Here is the research we’ve found on cyberbullying in Botswana, with the most recent first. Please email us if you have any articles to add with the details ordered in the same format as the others.
Author(s): Mooketsi, B. E.
Title: An Investigation on the Prevalence of Cyberbullying Amongst Undergraduate Students in The University Of Botswana.
Journal: Bojelo Esther Mooketsi – Mosenodi Journal
Abstract: Information and Communication Technologies are widely regarded as crucial enablers to communities and individuals to filter and manage information that is of interest to them. Hence, academic institutions provide students with access to the Internet. However, research has established that there is a negative side to this access such as Cyberbullying. Whilst numerous studies discuss the use of social media and bullying amongst the youth in Botswana, no study was found that investigated the prevalence of Cyberbullying amongst undergraduate students in the University of Botswana. It is in recognition of the dearth of information on this phenomenon that this study investigated the prevalence of Cyberbullying amongst undergraduate students of the University of Botswana. Furthermore, this study investigated students’ involvement in collective or group cyberbullying against individuals or organizations and the reasons for partaking in such. This exploratory study adopted a critical interpretive approach and the research data was obtained through semi-structured interviews with undergraduate students in the University of Botswana. The findings of the study show that Cyberbullying is prevalent amongst undergraduate students. It is hoped that tertiary institutions will, in light of the research findings, develop strategies to mitigate the antisocial behavior.
Citation: Mooketsi, B. E. (2018) An Investigation on the Prevalence of Cyberbullying Amongst Undergraduate Students in The University Of Botswana. Bojelo Esther Mooketsi – Mosenodi Journal
Author(s):Selemogwe, M., Setlhare-Oagile, N., & Mphele, S.
Title: Bullying in Botswana Schools: A Review
Journal: Journal of African and Asian Studies-An Open Access International Journal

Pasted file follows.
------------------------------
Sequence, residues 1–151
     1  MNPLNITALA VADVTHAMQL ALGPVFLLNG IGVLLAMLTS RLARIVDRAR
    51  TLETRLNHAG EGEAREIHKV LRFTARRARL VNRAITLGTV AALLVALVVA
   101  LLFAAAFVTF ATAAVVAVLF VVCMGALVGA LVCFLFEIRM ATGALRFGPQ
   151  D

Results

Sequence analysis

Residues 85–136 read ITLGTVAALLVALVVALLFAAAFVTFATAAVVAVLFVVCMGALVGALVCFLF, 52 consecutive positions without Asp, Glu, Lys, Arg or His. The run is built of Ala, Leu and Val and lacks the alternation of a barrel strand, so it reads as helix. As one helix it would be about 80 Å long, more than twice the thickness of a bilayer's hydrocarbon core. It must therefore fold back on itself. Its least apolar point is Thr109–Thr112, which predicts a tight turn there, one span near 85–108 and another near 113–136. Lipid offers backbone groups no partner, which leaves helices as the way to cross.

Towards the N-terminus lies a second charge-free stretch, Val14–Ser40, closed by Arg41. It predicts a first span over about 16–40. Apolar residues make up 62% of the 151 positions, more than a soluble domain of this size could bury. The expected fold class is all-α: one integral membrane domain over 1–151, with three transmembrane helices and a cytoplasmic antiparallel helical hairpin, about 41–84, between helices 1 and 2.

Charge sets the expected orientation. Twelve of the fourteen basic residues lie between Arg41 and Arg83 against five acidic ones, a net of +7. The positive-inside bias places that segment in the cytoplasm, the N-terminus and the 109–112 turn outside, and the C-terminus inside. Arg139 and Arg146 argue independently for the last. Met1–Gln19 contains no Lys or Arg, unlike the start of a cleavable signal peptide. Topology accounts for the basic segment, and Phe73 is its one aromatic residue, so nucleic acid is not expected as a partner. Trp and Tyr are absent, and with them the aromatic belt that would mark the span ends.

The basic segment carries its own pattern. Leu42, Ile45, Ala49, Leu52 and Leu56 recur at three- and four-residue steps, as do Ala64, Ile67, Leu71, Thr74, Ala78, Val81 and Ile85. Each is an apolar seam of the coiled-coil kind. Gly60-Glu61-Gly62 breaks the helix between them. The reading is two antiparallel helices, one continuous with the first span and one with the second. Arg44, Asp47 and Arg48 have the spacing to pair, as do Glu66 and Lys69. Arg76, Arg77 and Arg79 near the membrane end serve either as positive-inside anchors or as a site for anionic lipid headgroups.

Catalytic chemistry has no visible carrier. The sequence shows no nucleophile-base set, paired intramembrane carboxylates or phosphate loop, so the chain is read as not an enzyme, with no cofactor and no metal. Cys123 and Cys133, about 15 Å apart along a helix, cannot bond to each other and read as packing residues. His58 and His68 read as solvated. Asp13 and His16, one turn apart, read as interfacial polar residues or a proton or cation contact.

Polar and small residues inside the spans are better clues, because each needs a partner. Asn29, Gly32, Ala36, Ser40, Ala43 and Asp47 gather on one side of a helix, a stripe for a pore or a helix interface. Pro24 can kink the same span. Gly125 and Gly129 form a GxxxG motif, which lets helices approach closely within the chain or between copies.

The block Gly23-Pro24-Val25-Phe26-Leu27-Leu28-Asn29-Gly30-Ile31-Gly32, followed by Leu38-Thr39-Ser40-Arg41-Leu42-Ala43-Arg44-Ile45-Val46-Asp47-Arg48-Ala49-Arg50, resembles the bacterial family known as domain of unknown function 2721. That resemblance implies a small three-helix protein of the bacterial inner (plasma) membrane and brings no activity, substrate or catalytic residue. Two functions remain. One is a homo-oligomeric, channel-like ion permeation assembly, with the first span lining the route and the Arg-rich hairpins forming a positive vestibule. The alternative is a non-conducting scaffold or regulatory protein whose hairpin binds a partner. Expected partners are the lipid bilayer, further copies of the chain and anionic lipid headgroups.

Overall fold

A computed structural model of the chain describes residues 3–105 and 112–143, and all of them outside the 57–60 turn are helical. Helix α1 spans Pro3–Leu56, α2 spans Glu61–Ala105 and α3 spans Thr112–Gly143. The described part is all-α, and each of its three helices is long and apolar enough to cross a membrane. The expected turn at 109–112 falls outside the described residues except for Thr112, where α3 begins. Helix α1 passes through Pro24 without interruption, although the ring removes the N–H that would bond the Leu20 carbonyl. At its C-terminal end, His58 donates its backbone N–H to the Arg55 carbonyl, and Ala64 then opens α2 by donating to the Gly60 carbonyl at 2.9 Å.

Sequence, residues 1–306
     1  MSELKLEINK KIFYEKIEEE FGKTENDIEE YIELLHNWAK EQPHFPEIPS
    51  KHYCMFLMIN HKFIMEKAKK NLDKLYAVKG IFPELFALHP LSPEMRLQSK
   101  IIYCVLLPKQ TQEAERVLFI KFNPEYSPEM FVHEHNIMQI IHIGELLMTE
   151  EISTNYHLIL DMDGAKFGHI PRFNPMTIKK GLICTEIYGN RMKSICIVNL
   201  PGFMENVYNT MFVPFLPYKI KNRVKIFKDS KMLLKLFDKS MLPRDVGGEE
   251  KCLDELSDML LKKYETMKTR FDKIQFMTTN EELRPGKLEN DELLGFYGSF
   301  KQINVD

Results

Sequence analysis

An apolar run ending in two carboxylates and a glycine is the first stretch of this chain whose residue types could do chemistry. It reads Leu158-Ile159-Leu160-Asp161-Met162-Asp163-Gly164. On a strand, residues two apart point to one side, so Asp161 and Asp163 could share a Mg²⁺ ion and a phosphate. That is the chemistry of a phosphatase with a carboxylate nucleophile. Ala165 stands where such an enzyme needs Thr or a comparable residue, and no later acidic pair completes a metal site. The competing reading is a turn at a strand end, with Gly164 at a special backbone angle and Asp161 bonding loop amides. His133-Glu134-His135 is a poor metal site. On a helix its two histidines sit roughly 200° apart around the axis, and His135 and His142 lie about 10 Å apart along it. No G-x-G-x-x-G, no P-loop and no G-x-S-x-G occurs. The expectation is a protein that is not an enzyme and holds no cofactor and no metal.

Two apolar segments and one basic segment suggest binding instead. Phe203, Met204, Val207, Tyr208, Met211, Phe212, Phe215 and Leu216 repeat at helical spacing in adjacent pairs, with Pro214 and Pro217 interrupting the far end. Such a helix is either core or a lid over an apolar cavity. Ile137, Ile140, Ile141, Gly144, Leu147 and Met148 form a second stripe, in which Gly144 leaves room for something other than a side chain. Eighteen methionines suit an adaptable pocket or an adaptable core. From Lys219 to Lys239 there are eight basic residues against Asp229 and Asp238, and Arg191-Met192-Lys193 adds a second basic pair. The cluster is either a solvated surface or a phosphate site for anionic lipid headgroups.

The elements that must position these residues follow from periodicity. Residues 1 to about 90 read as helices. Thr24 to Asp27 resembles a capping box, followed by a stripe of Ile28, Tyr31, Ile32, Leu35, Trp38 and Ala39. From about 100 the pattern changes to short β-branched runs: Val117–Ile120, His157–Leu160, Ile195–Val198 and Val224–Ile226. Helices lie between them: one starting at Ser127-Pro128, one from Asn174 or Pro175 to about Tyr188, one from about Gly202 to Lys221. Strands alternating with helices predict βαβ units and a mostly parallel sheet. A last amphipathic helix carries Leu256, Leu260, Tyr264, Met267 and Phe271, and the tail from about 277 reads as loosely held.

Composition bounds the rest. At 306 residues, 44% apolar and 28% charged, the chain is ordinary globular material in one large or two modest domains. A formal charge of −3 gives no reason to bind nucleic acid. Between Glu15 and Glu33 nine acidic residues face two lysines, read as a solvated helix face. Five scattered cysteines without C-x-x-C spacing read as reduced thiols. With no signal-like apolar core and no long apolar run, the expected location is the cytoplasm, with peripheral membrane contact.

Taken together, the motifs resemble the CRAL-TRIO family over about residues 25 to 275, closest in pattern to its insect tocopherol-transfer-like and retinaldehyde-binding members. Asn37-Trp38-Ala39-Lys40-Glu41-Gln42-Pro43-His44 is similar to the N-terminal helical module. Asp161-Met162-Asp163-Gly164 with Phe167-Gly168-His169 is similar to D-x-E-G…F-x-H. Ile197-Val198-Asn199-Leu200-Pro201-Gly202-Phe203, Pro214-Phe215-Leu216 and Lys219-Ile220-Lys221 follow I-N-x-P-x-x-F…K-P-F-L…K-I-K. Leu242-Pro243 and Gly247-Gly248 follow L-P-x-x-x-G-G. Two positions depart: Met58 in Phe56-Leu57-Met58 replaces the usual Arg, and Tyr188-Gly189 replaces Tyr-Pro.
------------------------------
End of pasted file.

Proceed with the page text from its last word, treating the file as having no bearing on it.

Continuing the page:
Abstract: Although there is an increase in the prevalence of bullying in school settings in Botswana, research on the problem is very limited. In order to refine our understanding of bullying in school settings, we need to equally explore the extent of bullying in schools located in urban and rural areas, factors that are linked to bullying and students’ and the school staff’s knowledge and perceptions of bullying. Such an investigation will aid in generation of interventions that holistically address the problem. This paper reviews research on bullying that has been done thus far in Botswana and offers recommendations for interventions and future research.Freedom of speech is a core index of the strength of any democracy. The social media and messaging platforms today have become the ultimate expression of this right. Many social media platforms exist today and are commonly used by young people. In all forms of communication, the importance of mutual respect cannot be over-emphasized and social media platforms are not an exception. The dividing line between freedom of speech and respect for the person at the other end of the communication is becoming blurry today and this transition zone is widening. The “social media disinhibition phenomenon” is the mindset behind cyberbullying.
Citation: Selemogwe, M., Setlhare-Oagile, N., & Mphele, S. (2014). Bullying in Botswana Schools: A Review. International Journal of African and Asian Studies-An Open Access International Journal, 4.
Author(s): De Cock, R., & Abeele, M. V.
Title: Cyberbullying by mobile phone among adolescents: The role of gender and peer group status
Abstract: This article presents the results of a study in Flanders on the relationship between adolescents’ peer group status, their gender and their involvement in different types of mobile phone cyberbullying. By means of a free nominations procedure, likeability and perceived popularity scores were calculated for each respondent. Based on these scores, four groups were identified: popular controversial, popular liked, average and rejected adolescents. Even after controlling for age, gender, the frequency of voice calling and the frequency of text messaging, popular controversial adolescents were significantly more likely to make or send threatening/ insulting voice calls or text messages. They also gossiped significantly more frequently by means of voice calls or text messages. No relationship was found between peer group status and making hurtful pictures or videos. A significant interaction effect with gender was found for mobile phone gossiping: Popular controversial girls were more involved in gossiping than popular controversial boys.
Citation: Abeele, M. V., & De Cock, R. (2013). Cyberbullying by mobile phone among adolescents: The role of gender and peer group status. Communications, 38(1), 107-118.